According to Victor Davidson’s History of Wilkinson County (1930), Mt. Olive Primitive Baptist Church was organized May 25, 1837, by William Payne, a minister, and his wife Sarah, Benjamin Fordham, Nathaniel Cannon, Miles Cannon and his wife Nancy Isler Cannon, John Holliman and his wife Prudence Hooks Holliman, Anna Burkhalts and Martha Payne, all former members of Big Sandy Church. The land was given to the church by Nathaniel Cannon, Revolutionary War veteran who is buried here next to his wife Frances Sumner Cannon. The church was a member of the Ebenezer Primitive Baptist Association. The church is located at the Laurens County line on Evergreen Road (now known as Mt. Olive Church Road). At one time the church was called Evergreen. The cemetery is divided by Mt. Olive Church Road.
Considering organizing members were from nearby Big Sandy Baptist Church (organized 1809), it is possible that the organization of Mt. Olive Primitive Baptist Church was a result of the missionary schism in the Baptist Church in the 1830-1840 periods. Though the church was organized in 1837, we are not certain of the age of this building. Speculatively we can say that, if it follows the pattern observed in other instances, the original structure was a log meeting house or a frame structure, replaced by a structure such as Mt. Olive Church in the 1880 to 1900 time period. The type of flooring, wall boards and ceiling support this estimated date of construction, though it could be earlier.
The Mt. Olive Cemetery is in two parts, divided by a two-lane road. The oldest marked grave in the cemetery is that of Nathanial Cannon, 1760-1844, a Revolutionary War soldier. The second oldest is that of his wife, Francis Sumner Cannon, 1778-1850. Miles Jefferson Cannon, possibly a grandson of Nathanial and Francis, served as a sergeant with Company A of the 49th Georgia Volunteer Infantry, CSA. One of his brothers, Nathan, died at Seven Pines, Virginia, in 1862, and another, Nathaniel, died at Gettysburg in 1863. A third brother, Wiley Lewis, died at Delhi, Louisiana, in 1862 but it is not known if his death was war related.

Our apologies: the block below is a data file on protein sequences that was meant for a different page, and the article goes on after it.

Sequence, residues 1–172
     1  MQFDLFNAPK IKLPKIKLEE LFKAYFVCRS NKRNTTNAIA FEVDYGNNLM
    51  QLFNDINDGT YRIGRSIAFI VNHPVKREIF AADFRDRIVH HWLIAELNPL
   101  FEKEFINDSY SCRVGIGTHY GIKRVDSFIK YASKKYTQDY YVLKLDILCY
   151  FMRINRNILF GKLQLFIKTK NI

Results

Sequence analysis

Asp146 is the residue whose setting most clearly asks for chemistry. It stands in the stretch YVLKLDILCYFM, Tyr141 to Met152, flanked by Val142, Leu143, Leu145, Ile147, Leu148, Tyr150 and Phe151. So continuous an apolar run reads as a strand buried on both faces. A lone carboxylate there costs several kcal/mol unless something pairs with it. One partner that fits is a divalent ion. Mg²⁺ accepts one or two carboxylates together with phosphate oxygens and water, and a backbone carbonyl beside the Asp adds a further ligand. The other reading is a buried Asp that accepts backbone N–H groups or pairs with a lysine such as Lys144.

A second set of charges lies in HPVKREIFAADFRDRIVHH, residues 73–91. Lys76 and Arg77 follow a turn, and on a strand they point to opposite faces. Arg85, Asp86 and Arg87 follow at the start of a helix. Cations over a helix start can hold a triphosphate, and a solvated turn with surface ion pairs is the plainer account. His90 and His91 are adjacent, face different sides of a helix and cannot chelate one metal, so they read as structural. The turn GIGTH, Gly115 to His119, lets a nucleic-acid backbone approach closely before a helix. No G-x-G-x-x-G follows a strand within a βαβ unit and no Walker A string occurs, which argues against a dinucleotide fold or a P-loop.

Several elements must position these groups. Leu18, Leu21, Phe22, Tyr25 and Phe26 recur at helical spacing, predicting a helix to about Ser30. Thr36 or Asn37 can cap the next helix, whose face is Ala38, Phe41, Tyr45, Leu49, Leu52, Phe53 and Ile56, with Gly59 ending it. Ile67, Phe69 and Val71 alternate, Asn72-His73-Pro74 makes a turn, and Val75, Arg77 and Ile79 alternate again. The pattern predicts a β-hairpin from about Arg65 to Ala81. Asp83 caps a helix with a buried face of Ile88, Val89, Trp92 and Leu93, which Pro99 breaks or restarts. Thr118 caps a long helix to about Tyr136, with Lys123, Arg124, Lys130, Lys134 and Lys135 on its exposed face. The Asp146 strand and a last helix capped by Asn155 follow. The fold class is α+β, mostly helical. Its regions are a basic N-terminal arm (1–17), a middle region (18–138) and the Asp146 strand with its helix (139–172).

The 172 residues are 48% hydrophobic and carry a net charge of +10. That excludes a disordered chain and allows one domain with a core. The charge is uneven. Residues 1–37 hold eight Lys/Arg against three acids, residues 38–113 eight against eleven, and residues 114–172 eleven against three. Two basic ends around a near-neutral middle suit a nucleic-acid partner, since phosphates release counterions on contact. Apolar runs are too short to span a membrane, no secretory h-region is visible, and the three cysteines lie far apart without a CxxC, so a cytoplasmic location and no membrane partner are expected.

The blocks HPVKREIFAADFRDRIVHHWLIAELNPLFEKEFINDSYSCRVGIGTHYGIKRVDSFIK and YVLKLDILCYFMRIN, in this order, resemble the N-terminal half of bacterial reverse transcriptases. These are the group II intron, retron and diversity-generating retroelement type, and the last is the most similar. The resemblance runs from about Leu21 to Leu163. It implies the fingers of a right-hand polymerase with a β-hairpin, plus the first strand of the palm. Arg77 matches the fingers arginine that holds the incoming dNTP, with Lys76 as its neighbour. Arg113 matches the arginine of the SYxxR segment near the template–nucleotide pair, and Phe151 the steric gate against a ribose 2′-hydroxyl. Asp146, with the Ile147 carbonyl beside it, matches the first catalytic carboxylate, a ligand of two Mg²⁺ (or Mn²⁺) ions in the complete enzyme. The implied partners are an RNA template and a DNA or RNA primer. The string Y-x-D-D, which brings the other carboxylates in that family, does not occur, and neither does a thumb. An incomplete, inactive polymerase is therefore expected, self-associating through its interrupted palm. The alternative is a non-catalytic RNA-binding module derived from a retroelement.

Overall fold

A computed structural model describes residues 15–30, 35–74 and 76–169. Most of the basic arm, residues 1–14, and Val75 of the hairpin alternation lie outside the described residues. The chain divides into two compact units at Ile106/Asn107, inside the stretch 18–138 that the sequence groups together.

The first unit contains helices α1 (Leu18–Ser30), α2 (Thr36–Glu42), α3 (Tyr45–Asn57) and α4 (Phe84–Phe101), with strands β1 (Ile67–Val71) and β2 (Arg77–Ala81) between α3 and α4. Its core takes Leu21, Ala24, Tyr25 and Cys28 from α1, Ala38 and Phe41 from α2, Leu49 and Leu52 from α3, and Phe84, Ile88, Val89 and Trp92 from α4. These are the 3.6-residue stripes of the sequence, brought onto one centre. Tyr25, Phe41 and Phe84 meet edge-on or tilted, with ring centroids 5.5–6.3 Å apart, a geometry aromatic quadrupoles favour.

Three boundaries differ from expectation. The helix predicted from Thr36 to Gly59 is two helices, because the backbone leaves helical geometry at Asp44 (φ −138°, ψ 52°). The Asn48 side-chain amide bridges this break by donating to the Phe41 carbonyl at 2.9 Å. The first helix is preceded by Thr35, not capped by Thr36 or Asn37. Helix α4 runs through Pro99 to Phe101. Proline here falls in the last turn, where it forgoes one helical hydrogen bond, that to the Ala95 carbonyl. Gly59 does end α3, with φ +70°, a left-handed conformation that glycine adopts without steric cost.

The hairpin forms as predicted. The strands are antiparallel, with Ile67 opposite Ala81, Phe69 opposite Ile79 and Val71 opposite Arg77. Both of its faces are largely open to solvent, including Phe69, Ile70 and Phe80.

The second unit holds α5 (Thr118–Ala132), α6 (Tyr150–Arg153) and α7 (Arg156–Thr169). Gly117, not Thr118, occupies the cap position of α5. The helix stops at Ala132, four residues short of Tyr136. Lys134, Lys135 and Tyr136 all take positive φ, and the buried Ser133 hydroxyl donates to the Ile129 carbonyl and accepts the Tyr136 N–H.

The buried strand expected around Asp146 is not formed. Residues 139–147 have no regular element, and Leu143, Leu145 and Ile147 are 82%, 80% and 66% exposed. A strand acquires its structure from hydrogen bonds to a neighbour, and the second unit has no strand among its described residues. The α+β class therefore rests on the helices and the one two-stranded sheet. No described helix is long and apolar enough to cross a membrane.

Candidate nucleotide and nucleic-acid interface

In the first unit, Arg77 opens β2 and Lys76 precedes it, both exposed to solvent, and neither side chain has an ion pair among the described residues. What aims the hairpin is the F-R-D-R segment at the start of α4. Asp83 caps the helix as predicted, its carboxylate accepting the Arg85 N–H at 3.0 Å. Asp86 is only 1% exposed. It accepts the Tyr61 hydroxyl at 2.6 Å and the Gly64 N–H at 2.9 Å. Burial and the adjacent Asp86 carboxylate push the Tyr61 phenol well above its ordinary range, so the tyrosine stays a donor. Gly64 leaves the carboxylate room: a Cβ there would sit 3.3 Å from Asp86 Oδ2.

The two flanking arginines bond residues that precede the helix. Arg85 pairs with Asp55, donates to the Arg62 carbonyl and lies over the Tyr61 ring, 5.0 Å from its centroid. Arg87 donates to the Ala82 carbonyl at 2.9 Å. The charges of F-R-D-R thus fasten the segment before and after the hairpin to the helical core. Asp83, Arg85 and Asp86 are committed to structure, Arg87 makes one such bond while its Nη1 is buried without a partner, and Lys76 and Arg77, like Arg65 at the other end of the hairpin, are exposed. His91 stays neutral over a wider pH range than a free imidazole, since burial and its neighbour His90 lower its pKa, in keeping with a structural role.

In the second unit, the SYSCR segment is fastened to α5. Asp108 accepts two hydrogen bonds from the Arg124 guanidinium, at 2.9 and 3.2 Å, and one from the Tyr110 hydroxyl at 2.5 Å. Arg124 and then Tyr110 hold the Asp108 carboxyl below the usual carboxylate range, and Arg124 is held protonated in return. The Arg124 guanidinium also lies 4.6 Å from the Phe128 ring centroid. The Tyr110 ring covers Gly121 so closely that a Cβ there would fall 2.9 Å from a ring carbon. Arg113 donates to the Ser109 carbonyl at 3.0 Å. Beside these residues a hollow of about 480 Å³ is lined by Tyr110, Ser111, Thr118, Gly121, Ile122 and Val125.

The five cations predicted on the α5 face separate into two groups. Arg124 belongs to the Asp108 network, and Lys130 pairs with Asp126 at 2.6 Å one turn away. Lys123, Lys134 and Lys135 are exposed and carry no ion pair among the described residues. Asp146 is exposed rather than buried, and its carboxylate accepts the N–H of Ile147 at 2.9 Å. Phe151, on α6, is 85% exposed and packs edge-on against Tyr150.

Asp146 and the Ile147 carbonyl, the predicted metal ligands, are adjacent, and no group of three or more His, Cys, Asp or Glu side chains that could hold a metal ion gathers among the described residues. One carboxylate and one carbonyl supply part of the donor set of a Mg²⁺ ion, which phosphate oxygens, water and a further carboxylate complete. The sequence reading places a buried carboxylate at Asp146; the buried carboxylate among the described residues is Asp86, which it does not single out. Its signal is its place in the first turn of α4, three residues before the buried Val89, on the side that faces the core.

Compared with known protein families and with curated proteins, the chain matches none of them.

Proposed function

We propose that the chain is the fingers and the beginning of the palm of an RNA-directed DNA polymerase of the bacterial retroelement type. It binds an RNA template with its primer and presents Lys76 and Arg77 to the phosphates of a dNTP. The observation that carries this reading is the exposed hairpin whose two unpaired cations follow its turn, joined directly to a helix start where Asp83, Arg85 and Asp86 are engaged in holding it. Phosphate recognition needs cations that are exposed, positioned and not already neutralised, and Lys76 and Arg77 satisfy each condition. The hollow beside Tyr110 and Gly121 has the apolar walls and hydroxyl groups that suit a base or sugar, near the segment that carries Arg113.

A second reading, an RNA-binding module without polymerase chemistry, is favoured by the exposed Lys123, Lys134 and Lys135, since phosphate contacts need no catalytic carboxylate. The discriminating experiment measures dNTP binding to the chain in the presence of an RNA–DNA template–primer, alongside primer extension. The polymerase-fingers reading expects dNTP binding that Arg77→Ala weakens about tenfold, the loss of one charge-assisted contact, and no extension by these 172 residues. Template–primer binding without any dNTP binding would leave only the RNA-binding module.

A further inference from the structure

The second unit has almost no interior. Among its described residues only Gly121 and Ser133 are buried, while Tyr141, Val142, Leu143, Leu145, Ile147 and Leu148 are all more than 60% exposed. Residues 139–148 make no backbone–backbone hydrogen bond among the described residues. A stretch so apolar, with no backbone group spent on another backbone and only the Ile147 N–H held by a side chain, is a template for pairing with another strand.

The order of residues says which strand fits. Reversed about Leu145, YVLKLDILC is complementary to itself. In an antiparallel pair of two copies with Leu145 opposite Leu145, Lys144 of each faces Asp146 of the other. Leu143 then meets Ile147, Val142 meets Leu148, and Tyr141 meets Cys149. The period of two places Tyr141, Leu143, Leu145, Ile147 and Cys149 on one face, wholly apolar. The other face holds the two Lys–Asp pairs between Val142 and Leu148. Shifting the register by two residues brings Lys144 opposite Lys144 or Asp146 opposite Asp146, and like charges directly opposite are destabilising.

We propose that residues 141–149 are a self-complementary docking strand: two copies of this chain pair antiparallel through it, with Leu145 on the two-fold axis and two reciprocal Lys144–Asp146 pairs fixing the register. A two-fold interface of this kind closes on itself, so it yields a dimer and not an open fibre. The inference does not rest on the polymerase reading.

A gap of 39 years exists between the oldest graves (1844 and 1850) and the date of the next interment, 1886. This suggests several possibilities: the memorials to the elder Cannons are cenotaphs or that the church did not exist on this site until the 1880’s, among others. The year in which the church disbanded is not known to us at this time. The building is in private ownership and as you will see from the photographs receives the care it deserves.
When indoor plumbing was added it was necessary to make some modifications to the sanctuary wall. It is possible that there were two single doors in the original structure, replaced now with the double doors. The tongue and groove bead board suggests the building was constructed in the late 1800’s.
Similarly designed slatted pews seem to have come into usage during the 1880-1900 time frames. They represent a move toward mass production, though not on the scale that arose later. They were also a move toward comfort of the congregation, much more so than the older style of pews in use earlier.
The church’s pulpit area layout is similar to that of other early Primitive Baptist churches. The pulpit is formed by a low wall capped with a book rail, there is a window in a raised position behind the pulpit, and contains a short bench (pew). In this case there is one door beside. There is second bench between the pulpit and the communion table for the use of the clerk and the mediator.
This pew is possibly one of the pews original to the church. Its construction features suggest an old design and it likely predates the existing structure, possibly by decades. The lack of lower back support must have been torturous to the congregants.
This traditional baptismal well was constructed on a natural spring and is of a size to accommodate total immersion, as is the practice of Baptist and other denominations.
The repaired gravestone of Joel Pickle, 1846-1883, stained with the red clay on which it stands. The loving inscription reads “Peaceful be thy silent slumber, peaceful in the grave to rest, yet again we hope to meet thee, where no farewell tears are shed. With this broken heart of mine, I shall ever remember thee.” These words are an adaptation of an old hymn by S.F. Smith.
Mt. Olive Primitive Baptist Church once stood in a grove of oak trees. The aged trees were removed a few years ago to insure the building was not damaged by falling trees.
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